In her second year, Rosario worked extensively with the Digital Imaging and Remote Sensing (DIRS) Laboratory, helping operate drones during remote sensing experiments across the country. In her third year, she conducted research with Associate Professor Gabriel Diaz in the PerForM (Perception For Movement) Lab, exploring the augmented reality path of imaging science.

“I love imaging science because it’s so broad, but it’s very niche at the same time,” said Rosario about the New Economy Major that combines engineering, computer science, and math. “You can go into so many different fields but be a specialist no matter where you go. I like being able to test every field and see which one I fall into best.”

Rosario said that the internship helped cement for her what she would like to do professionally after graduation.

“I never thought I’d see this path, it’s just a very interesting route,” said Rosario. “I really like the cosmetics field and I feel like this is the route that I would like to take.”

Two workers reviewing a tablet
Rob Mitchell, right, was part of a research team that traveled to Rwanda.
 Mapping to improve refugee camp resilience

Rob Mitchell is finding new ways to make a difference. He switched from a 15-year career in newspaper journalism to become a data science master’s student.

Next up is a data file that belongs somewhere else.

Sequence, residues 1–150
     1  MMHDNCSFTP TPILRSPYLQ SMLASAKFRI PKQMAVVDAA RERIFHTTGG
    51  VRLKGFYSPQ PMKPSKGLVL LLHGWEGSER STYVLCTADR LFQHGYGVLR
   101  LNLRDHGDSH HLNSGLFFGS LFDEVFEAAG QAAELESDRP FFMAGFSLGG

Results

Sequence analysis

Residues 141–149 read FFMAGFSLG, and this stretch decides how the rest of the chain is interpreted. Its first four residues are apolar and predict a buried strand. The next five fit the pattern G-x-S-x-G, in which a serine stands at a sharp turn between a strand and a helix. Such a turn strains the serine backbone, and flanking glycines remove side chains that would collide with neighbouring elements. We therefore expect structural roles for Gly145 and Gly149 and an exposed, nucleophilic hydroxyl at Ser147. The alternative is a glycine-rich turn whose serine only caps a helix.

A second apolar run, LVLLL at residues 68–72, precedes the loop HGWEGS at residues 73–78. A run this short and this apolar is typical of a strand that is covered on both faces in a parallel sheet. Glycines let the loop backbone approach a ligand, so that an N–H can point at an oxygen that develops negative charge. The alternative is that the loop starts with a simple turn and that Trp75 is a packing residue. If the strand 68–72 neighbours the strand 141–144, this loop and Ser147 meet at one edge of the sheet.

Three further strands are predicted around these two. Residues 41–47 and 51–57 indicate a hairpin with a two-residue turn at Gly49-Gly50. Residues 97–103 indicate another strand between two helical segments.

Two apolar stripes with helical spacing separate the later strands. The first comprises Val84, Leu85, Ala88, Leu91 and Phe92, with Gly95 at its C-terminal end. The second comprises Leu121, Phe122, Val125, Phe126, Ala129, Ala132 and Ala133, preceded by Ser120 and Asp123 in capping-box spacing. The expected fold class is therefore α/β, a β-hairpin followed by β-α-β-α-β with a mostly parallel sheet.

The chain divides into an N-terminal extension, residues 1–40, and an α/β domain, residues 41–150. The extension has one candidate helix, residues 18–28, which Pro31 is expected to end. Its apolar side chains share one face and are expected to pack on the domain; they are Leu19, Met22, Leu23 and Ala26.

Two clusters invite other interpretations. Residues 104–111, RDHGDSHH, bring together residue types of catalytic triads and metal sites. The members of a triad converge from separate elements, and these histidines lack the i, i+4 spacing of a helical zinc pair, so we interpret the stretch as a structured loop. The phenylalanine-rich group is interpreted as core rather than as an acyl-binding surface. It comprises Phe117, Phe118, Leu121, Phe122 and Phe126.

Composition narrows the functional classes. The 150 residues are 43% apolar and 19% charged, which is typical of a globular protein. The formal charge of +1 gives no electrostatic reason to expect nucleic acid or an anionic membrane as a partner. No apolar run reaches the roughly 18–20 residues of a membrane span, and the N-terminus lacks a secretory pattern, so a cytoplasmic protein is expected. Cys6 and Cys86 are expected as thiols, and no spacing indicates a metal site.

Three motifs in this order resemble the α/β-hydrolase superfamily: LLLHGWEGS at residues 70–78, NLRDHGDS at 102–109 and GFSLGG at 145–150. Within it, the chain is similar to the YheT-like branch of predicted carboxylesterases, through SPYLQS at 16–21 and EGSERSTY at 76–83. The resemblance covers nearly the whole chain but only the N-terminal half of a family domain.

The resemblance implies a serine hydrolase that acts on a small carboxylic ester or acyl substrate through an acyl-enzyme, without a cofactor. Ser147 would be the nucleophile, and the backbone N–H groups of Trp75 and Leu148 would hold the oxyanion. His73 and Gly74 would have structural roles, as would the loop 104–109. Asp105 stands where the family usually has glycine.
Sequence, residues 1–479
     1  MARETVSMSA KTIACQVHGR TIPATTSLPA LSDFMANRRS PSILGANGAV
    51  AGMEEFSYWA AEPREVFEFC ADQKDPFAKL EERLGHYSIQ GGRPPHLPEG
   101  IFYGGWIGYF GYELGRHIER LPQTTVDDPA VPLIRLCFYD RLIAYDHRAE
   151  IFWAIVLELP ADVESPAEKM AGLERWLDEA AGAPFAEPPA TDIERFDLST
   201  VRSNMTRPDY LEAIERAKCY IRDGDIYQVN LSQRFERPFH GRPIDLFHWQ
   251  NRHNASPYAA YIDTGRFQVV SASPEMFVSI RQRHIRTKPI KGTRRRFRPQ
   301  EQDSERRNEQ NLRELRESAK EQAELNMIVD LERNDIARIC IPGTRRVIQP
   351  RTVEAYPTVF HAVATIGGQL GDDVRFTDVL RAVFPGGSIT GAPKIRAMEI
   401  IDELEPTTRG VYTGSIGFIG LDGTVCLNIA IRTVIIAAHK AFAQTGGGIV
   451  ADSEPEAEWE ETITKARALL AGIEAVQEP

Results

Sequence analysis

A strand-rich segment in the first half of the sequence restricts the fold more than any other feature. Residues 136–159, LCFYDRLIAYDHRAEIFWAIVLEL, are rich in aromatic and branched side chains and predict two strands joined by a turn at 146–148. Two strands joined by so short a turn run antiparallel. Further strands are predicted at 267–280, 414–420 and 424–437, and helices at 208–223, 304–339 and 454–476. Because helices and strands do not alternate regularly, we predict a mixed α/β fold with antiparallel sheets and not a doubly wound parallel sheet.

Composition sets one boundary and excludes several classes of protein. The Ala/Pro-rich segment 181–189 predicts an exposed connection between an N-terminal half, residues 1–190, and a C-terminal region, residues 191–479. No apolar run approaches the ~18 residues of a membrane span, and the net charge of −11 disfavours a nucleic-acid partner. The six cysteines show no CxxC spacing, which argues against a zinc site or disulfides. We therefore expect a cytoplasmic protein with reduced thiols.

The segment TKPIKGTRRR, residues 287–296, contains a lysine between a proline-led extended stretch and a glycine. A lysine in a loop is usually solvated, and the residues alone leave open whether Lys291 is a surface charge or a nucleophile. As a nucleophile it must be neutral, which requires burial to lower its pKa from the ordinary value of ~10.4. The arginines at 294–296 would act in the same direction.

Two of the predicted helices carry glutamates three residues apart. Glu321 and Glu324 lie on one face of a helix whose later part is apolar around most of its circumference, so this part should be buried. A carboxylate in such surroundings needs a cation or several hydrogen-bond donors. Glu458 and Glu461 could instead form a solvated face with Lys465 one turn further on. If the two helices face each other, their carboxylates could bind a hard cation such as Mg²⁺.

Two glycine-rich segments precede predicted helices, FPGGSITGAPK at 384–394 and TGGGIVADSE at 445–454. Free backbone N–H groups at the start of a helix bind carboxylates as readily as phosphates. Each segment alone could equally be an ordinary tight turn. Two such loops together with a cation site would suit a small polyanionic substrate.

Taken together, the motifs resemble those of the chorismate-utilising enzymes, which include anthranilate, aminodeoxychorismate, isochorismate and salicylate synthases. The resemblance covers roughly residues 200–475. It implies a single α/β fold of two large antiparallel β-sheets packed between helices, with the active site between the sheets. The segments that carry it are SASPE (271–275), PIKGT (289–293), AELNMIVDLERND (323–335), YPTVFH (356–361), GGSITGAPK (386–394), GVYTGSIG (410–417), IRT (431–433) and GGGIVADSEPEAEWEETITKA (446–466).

Last summer, Mitchell joined a team of graduate students and traveled to Rwanda—via funding from the National Science Foundation International Research Experience for Students program—to map refugee camps using geographic information systems (GIS) technology. The researchers aim to better understand and prepare refugee camps for resilience to disasters.

“What I loved about reporting was being able to bring people’s stories to a broader audience, and that’s the common thread with data science,” said Mitchell, who is from Rutland, Vt. “I feel like this was a chance to do some good here by sharing the needs and the vulnerabilities, but also the strength of these folks that we’ve met.”